12 Surprising Asthma Triggers You Can Smartly Avoid
These irritants and allergens could be behind your asthma attack. Here's how to outsmart these asthma causes.
What is asthma?
More than 25 million Americans have asthma—a condition that inflames and narrows the airways in the lungs. Although the National Heart, Lung, and Blood Institute says the exact cause of asthma isn’t known, experts do know about various triggers that cause asthma symptoms including shortness of breath, wheezing, and coughing. Here’s how to avoid the surprising asthma triggers you may not know.
Asthma is more common among women than men, which might be related to a correlation between asthma and the hormones estrogen and progesterone, says Payal Patel, MD, a member of the American Academy of Allergy Asthma & Immunology. Asthma may get worse before and during your period or improve during pregnancy, Dr. Patel says. “This goes along with the theory that oral contraceptives can improve lung function due to reduced fluctuations in hormone levels,” she says. These are other unusual menstrual cycle symptoms to watch for.
Just because a cat or dog doesn’t shed doesn’t mean you’re safe from their irritants. Allergens can be found in urine and saliva, in addition to dander, Dr. Patel says. “Even pets labeled ‘hypoallergenic or nonshedding’ can trigger asthma,” she says. Don’t fall for these common myths about allergies.
“Some people have induced symptoms by cold, dry air in wintertime, while others find hot, humid days pose a challenge in controlling asthma,” Dr. Patel says. Cold and dry air is most commonly a problem in people with exercise-induced asthma. Though the reason is unclear, it could be that rapid breathing in a cold, dry environment causes water loss, which leads to inflammation and constriction, she says.
Anti-inflammatory medications such as aspirin and ibuprofen can trigger asthma among people sensitive to those medications, Dr. Patel says. The reason isn’t fully clear, but some evidence suggests that people sensitive to those drugs metabolize the fatty acid arachidonic acid abnormally. When they take anti-inflammatory medications, this leads their bodies to actually produce more inflammatory molecules, which causes their lungs to constrict. “People who have those problems need to be evaluated very carefully because that kind of response can be very serious or life-threatening,” says Clifford Bassett, MD, founder and medical director of Allergy and Asthma Care of New York. Find out how to spot the symptoms of asthma as an adult.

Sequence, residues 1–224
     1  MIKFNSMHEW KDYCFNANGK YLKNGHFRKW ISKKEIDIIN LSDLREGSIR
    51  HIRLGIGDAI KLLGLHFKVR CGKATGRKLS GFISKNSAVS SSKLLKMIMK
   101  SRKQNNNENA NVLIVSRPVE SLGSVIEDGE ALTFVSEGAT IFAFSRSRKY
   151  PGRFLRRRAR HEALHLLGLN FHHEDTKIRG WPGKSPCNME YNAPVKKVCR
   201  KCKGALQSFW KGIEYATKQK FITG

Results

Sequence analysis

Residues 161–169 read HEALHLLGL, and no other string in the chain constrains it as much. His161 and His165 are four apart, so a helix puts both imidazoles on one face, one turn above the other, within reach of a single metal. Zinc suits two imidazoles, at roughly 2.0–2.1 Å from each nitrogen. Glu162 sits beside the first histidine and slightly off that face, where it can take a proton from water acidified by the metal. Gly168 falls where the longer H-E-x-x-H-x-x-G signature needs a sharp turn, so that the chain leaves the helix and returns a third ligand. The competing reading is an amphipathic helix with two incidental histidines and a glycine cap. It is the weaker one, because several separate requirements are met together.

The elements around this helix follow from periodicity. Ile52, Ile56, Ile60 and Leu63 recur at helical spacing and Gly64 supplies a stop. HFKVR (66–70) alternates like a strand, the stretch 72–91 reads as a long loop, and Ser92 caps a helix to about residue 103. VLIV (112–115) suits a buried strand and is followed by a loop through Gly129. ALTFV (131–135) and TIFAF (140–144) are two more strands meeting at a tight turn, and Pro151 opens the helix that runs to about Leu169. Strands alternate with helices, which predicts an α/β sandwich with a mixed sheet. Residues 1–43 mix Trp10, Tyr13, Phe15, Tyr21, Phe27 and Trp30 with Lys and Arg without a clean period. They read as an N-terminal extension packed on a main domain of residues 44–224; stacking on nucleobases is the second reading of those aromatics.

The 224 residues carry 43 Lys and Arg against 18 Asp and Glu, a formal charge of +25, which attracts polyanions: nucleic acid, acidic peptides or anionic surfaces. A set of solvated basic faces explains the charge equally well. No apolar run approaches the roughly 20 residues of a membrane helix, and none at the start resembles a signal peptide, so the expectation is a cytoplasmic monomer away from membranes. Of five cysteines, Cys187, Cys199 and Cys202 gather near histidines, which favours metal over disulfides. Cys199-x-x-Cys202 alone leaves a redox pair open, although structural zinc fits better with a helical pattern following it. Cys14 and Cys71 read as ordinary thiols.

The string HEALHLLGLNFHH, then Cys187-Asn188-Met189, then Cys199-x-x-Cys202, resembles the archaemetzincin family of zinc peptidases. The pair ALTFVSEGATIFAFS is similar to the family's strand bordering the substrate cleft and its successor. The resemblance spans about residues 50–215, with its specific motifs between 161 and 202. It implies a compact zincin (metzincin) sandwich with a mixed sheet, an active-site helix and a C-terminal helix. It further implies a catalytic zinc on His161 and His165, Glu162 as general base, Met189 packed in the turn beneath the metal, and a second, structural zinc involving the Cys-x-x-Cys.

When you’re stressed, you might have more frequent and more severe asthma attacks. The mechanism isn’t totally understood, but it’s believed that when the body has low or ineffective levels of cortisol, the stress hormone isn’t able to decrease inflammation, according to Dr. Patel. “It’s important to recognize this relationship and seek ways to decrease daily stress,” she says. Try one of these tips for managing stress.
Air pollution and car exhaust can prompt a reaction in people sensitive to those triggers. “Exercise during high pollution days or near busy highways should be avoided,” Dr. Patel advises. She recommends checking the pollution level on airnow.gov and then hitting the gym instead of running outside if the air quality is bad. To breathe better quality air, look into buying an air purifier for asthma.
Sulfites, used as preservatives in products like wine, shrimp, dried fruit, and lemon juice, can irritate the lungs and cause a reaction in about 5 to 10 percent of people with asthma, Dr. Bassett says. That’s likely because during digestion, the stomach vaporizes sulfites into droplets that go through the throat and into the lungs, causing irritation, he says.
Beta-blocker medications used to treat high blood pressure can worsen lung function, which is especially worrisome for people with severe or uncontrolled asthma, Dr. Patel says. The side effects won’t happen with everyone, but keep aware if you’re thinking of starting a prescription. “They’re advised to be used with caution because we don’t know which patient will react and have an attack,” Dr. Patel says.
Swimming is typically considered a good sport for asthmatics because warm, moist air near water usually doesn’t cause asthma attacks. The exception? Indoor pools. “We’ve largely seen problems in municipal pools that don’t have correct ventilation,” according to Dr. Bassett. “We don’t typically see it in outdoor situations, because ventilation is better.”
A small percentage of people could end up with a chronic cough when they take ACE inhibitors for high blood pressure. “It can occur after they’ve been on for more than a year, and it can go on for another month,” Dr. Bassett says. If you’re taking an ACE inhibitor and are worried about a cough that won’t go away, talk to your doctor.
As if you needed another reason to stay away from cockroaches, the bugs’ droppings can trigger asthma. Rodents can also trigger asthma, whether an inner-city rat or a mouse in the country, Dr. Patel says.
It may not come as a surprise that exercise can trigger asthma, but some sports are worse than others. Activities such as long-distance running, basketball, and soccer that require you to keep moving for long periods are more likely to cause an attack than ones that involve short energy bursts, like football and baseball, Dr. Bassett says. Here’s how one woman keeps exercising despite her exercise-induced asthma.
- Asthma and Allergy Foundation of America: "Asthma Facts and Figures"
- National Heart, Lung, and Blood Institute: "Asthma"
- Payal Patel, MD, a member of the American Academy of Allergy Asthma & Immunology
- Clifford Bassett, MD, founder and medical director of Allergy and Asthma Care of New York